Facebook removes multiple accounts from Indonesia, UAE, Egypt and Nigeria

The operation in Indonesia involved a network of over 100 fake accounts on Facebook and Instagram posting content in English and Indonesian. (AFP)
Updated 04 October 2019

Facebook removes multiple accounts from Indonesia, UAE, Egypt and Nigeria

  • Operation in Indonesia involved a network of over 100 fake accounts on Facebook and Instagram
  • Facebook earlier removed accounts from Iraq, Ukraine, China, Russia, Saudi Arabia, Iran, Thailand, Honduras and Israel

Facebook has announced it removed hundreds of pages, groups and accounts on its platforms for “coordinated inauthentic behavior” linked to three operations in Indonesia, the United Arab Emirates, Egypt, and Nigeria.
The operation in Indonesia involved a network of over 100 fake accounts on Facebook and Instagram posting content in English and Indonesian either in support or criticizing the West Papua independence movement, which is active in the country’s restive easternmost region of Papua.
“This was a network of pages designed to appear like local media organizations and advocacy organizations,” said David Agranovich, Facebook’s Global Lead for Threat Disruption.
He told Reuters that his team, which had been monitoring Indonesia in light of increasing tensions in Papua, had tracked the false accounts, which would disseminate content, buy ads, and drive people to other sites, to an Indonesian media firm called InsightID.
Reuters was not immediately able to reach the firm for comment.
There has been a spike in protests and unrest since late August in Papua, which suffered some of its worst bloodshed in decades in September, with 33 people killed and scores injured.
Researchers had independently warned in September that there had been a rise of fake Twitter and Facebook accounts on Papua, with some of the fake accounts posting pro-government content.
Agranovich said Facebook also removed fake accounts related to two other unconnected networks in the Middle East and Africa.
One, according to Facebook, was based out of Egypt, but targeted the rest of the region by posting content in support of the United Arab Emirates, Saudi Arabia, and Egypt, as well as criticism of Qatar, Iran, Turkey and Yemen’s separatist movement.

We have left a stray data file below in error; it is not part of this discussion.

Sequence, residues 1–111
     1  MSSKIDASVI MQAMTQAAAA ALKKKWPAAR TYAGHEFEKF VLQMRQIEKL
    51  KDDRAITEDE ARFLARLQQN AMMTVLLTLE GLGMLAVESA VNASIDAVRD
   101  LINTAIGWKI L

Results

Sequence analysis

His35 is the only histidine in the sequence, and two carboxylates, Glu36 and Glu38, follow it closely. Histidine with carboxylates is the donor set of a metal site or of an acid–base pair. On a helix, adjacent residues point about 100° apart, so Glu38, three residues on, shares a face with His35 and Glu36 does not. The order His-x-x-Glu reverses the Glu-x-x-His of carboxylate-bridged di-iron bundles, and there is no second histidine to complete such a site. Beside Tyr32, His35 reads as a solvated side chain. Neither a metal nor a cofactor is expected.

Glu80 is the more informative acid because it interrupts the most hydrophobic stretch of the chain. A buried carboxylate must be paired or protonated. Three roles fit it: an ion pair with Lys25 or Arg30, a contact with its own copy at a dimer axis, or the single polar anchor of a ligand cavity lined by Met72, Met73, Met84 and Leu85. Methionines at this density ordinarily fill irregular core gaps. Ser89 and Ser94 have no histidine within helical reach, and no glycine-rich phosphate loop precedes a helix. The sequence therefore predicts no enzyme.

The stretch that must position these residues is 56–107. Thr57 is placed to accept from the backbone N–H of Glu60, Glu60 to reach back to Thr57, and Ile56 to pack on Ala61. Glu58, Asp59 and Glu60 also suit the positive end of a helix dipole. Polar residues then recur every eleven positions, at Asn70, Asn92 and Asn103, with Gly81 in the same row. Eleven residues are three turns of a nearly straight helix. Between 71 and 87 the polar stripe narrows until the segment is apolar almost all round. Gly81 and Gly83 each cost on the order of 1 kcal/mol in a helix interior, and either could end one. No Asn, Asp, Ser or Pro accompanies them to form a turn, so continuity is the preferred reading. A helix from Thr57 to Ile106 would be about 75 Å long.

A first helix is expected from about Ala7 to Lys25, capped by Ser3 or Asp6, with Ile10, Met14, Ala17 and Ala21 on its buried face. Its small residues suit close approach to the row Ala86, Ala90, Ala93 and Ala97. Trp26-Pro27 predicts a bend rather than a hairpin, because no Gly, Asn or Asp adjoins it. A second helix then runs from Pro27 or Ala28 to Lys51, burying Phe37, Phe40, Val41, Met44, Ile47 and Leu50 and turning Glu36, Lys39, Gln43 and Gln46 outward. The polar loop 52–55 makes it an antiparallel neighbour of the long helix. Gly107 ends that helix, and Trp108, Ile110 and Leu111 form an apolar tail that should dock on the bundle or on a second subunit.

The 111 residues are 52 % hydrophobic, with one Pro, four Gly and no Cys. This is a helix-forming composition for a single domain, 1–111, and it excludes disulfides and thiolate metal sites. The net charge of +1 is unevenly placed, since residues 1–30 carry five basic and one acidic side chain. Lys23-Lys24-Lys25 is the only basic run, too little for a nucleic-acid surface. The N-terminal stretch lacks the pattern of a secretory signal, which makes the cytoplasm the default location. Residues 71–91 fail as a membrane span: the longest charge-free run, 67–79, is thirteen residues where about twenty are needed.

The executive said this operation used fake accounts “to masquerade as local media organizations in a variety of those countries ... and amplify the content they were posting.”
According to Agranovich, Facebook found evidence some of the pages had been purchased, with regular changing ownerships, as well as deep links to Egyptian newspaper El Fagr, “which is known for its sensationalistic content.”
As a result of the investigation, Facebook has also removed El Fagr’s official media pages from its platforms, he said.
Reuters was not able to immediately contact El Fagr.
Facebook said the third network, which it tracked to three marketing firms in the United Arab Emirates, Egypt, and Nigeria, involved fake accounts which spread on content on topics like UAE’s activity in Yemen and the Iran nuclear deal.
The social media giant has recently been cracking down on such accounts after coming under fire in the last few years for its self-admitted sluggishness in developing tools to combat extremist content and propaganda operations.
Earlier this year, it removed accounts from Iraq, Ukraine, China, Russia, Saudi Arabia, Iran, Thailand, Honduras and Israel.


Turkish court upholds verdict against 12 ex-staff of opposition newspaper

Updated 21 November 2019

Turkish court upholds verdict against 12 ex-staff of opposition newspaper

  • 14 employees of Cumhuriyet were sentenced in April 2018 to various jail terms on terrorism charges
  • The case drew global outrage over press freedom under President Tayyip Erdogan

ISTANBUL: A Turkish court on Thursday upheld its conviction of 12 former employees of the opposition Cumhuriyet newspaper despite a higher court ruling, a lawyer for the newspaper said.
The court acquitted a 13th defendant, journalist Kadri Gursel, due to a ruling by the Constitutional Court, Turkey’s highest, said the lawyer, Tora Pekin.
In a case that drew global outrage over press freedom under President Tayyip Erdogan, 14 employees of Cumhuriyet — one of the few remaining voices critical of the government — were sentenced in April 2018 to various jail terms on terrorism charges.
They were accused of supporting the outlawed Kurdistan Workers’ Party and the Revolutionary People’s Liberation Party-Front militant groups, as well as the network of US-based Muslim cleric Fethullah Gulen, who Ankara says organized a 2016 failed coup. Gulen denies any involvement.
The Cumhuriyet staff have been in and out of jail for the duration of their trials. The 14th defendant, Cumhuriyet accountant Emre Iper, was released last month and his case is still under court review.
The Court of Cassation, Turkey’s high court of appeals, had ruled in September for the 13 defendants to be acquitted, with the exception of journalist and politician Ahmet Sik. The court said Sik should be tried for a different crime.
The case of the 12 defendants will now be re-evaluated by the Court of Cassation, Pekin said.
“With the Court of Cassation ruling (in September), we thought this endless arbitrariness and injustice were ending. But we understood in court today that it wasn’t so,” said Pekin.
Since the failed coup, authorities have jailed 77,000 people pending trial, while 150,000, including civil servants, judges, military personnel and others have been sacked or suspended from their jobs. Some 150 media outlets have also been closed.
A global press watchdog said on Tuesday more than 120 journalists were still being held in Turkey’s jails, a global record.
Turkey’s Western allies have voiced concern over the scale of the crackdown. Rights groups accuse Erdogan of using the coup as a pretext to quash dissent.